It’s not exactly the rivalry between Uber and Lyft, but U.S. astronauts will eventually have two different options for taxiing to and from the International Space Station—and neither of them will be designed or built by NASA. The nearly $7 billion in contracts awarded this week have been split unevenly between Boeing and SpaceX, Elon Musk’s space-exploration startup. For taxpayers, that leads to an obvious question: Isn’t it cheaper to have a single builder?
That’s an issue government has been grappling over for decades, most notably at the Pentagon. Military equipment contracts are increasingly awarded to one design from a single supplier as a way to keep a lid on costs. That imperative has become particularly critical over the past five years as Washington struggles to curb deficits and Tea Party lawmakers campaign to slash federal spending across the board, even for projects and constituencies the Republican Party has traditionally supported.
“We’re going to find out how well sole sourcing works,” says Richard Aboulafia, an aerospace analyst with Teal Group. “Once upon a time, it was about having an industrial base. Now it’s all about costs. The accountants are in charge.”
One major example of the single-source approach came to a head in the long debate over the engine on the Pentagon’s most-expensive weapons system, Lockheed Martin’s F-35 Lightning II Joint Strike Fighter. An earlier fighter jet, the F-16, has two engine providers. But in the F-35 program, General Electric and Rolls-Royce spent the better part of a decade developing an alternative engine for the F-35, even as military officials repeatedly asked Congress to shut down the secondary effort and spend the money on other projects. Finally, in 2011, legislators agreed and Pratt & Whitney was left as the sole engine supplier for the F-35.
That arrangement led to a rare public scuffle earlier this year when the Pentagon’s F-35 program chief blasted Pratt & Whitney for not suitably managing costs on the engine. “When you are in a sole-source environment it is difficult to find the right leverage and motivation and drive the cost out of a program,” Lt. Gen. Christopher Bogdan told reporters in April. A report in Aviation Week described the general as “frustrated by the lack of leverage he has in dealing with a monopoly engine provider.” (Pratt & Whitney spokesman Matthew Bates says the company has spent more than $65 million to reduce the F-35 engine’s cost by half.)
A similar situation occurred with the futuristic helmet F-35 pilots will wear. Displeased by the performance of the product from a Rockwell Collins-Elbit Systems joint venture, the Pentagon asked BAE Systems in 2011 to develop an alternative. Last October, after the original supplier improved its helmet’s performance and agreed to a price cut, the government ended work on the BAE helmet after spending a reported $60 million. BAE Systems won’t confirm that figure.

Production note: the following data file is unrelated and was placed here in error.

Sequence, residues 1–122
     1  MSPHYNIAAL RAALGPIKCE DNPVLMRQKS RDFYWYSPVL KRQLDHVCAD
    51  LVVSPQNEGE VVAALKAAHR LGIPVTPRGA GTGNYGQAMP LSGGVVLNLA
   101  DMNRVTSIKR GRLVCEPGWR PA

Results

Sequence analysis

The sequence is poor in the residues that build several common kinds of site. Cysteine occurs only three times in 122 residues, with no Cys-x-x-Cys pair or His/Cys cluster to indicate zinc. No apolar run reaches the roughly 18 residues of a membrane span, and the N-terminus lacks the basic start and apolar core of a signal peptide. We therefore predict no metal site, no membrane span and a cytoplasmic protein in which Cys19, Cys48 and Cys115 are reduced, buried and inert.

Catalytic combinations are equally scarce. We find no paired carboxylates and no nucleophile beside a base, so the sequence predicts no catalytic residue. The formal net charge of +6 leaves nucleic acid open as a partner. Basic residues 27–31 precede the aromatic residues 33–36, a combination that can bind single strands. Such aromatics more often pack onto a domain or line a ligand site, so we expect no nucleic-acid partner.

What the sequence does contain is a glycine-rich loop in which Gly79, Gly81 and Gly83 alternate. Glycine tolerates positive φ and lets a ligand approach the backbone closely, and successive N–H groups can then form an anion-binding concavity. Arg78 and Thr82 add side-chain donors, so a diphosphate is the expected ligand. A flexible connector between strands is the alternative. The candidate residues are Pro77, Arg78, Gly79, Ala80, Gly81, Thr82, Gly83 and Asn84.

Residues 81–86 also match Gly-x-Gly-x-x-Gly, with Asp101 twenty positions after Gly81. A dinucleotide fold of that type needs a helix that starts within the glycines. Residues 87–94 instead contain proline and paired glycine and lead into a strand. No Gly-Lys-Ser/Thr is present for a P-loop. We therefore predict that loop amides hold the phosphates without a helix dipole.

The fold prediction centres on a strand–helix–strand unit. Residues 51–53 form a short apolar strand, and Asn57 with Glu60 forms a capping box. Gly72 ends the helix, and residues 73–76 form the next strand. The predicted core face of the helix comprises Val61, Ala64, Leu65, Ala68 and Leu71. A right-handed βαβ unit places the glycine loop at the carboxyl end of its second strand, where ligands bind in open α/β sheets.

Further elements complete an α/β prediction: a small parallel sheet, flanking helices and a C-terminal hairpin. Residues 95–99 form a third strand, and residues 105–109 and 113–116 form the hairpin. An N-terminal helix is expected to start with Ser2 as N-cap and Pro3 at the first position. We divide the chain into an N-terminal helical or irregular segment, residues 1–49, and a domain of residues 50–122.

By bringing both Boeing and SpaceX into the dual development of new vehicles that can reach the space station, NASA is making an an initial foray into supporting a private space-travel industry that entrepreneurs hope will become a thriving space tourism sector. (California-based SpaceX will receive $2.6 billion for the work that Boeing told NASA would cost $4.2 billion; officials at SpaceX did not respond to a question about the cost disparity.)
The dual contracts are, in some ways, a throwback to an earlier era when the U.S. used large space and defense contracts as a way to seed entire industries. The rationale was that Uncle Sam is best positioned to catalyze investments in areas of strategic national interests and then private enterprise follows. That’s what NASA hopes will happen with the Boeing and SpaceX projects: a space station shuttle that flies in parallel with the companies’ other ventures to develop the field of space tourism, “opening up the door to more and more people seeing what we have seen from space,” as astronaut Michael Fincke, who has spent 381 days in orbit, put it this week. Musk, for his part, envisions SpaceX as helping one day to build a city on Mars.
The record for both single- and dual-contracting approaches is mixed, and it’s not easy to conclude that having only one supplier is any better or worse, in terms of performance and expense to taxpayers, Aboulafia and others say. Beyond the cost of a single space program or weapons system, government budget officials must consider the industrial base that accompanies a particular project when deciding to fund multiple suppliers. That issue of a competency also includes whether a company has done both commercial and government work, Aboulafia says, such as Boeing, GE, and Pratt & Whitney.
“We’ve seen examples where competition is good and competition’s bad” for federal procurement, says Michael Lewis, a vice president of strategy and planning at BAE Systems, calling a multiple-supplier scenario “a great risk mitigator” for critical items the government is buying. He sees the current environment as one in which cost trumps other considerations, even when the total price difference for a product is minimal. “Budgets have gone up and down all through history,” Lewis says. “It’s really a mindset about what are we buying. Are we just out to get the cheapest or does the performance of the item factor into it?”